Today, we were invaded by some six to seven year old children, who had their field trip at IRRI. We always entertaining visitors from all walks of life, but this is the first time we handled children—and not just children, from a kindergarten class!
Imagine a horde of 20 plus, infinitely curious kids who could be rambunctious, ferocious, and naughty. We even role played that I would be the strict elder sister who would just shout “Quiet!” to children.
But then, all of these imaginary “terrorist” attacks dissipated the moment these children walked into our ordinarily quiet space. I was actually feeling nervous as they came in closer to our office. I remember our professor in Scientific and Technical Communication class, Dr. Tere Velasco, asked us, her Development Communication graduate students, “Choose a scientific theory and explain it to an eight year old child.”
I forgot what I have written in that exam, but now, I am more nervous because how the heck can I explain Postharvest process, or machines for that matter,to children, when the last time I was able to babysit a child was ten years ago? (Students, take your Graduate School exam questions to heart).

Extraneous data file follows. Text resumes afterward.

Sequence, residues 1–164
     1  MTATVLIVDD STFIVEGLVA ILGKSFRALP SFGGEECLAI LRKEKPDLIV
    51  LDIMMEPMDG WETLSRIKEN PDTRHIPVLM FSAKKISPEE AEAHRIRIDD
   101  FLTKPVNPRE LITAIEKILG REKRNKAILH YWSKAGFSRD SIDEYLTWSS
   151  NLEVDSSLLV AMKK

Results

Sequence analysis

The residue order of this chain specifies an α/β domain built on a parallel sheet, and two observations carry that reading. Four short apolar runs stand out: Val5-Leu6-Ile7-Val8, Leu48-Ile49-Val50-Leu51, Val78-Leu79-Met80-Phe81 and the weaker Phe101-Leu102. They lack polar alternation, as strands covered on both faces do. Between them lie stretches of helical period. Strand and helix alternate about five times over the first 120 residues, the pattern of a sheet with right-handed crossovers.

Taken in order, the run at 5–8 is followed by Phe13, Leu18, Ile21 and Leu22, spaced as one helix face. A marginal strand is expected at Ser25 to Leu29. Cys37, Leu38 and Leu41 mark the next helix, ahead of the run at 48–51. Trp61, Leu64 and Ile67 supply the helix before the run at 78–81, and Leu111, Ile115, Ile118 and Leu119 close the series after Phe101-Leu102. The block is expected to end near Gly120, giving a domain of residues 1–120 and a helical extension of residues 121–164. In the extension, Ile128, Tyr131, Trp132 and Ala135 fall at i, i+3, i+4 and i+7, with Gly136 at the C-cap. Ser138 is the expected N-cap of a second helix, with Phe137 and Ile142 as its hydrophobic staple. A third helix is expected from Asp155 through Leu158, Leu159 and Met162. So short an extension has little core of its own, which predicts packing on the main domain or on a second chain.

But then, I was fortunate to have my engineer colleagues with me, who happens to have children (well, one of them. The other is a bachelor, so we felt a bit intimidated with kids. Yeah, we’re that intimidated). Being a parent is quite an advantage because you would have the explanation how to explain an abstract concept to children. What would make them feel interested the most, but to let them see how rice is polished? So, my officemate showed the children how it’s done, and I feel pleased how curious children were. Quoting an Entomologist I recently interviewed, that sometimes, it’s more fun to teach three to six year old kids; “You just have to know how handle their erratic attention span.”
Kids, are always cute, and they are even cuter if they are curious. I hope that the children who visited us today had fun (I heard they planted rice), and learned a lot.
We’re thinking of switching on the laser leveling to reveal the beam it emits (for sending land leveling signals), so we could earn more “COOL!” expressions from the kids. I sincerely hope one of them becomes an Agricultural Engineer, or an Agriculturist someday. For now, I feel contented that they had the time of their lives to climb up a mini tractor and pretend they could drive it (If I have my own child, I would be really thrilled for him/her).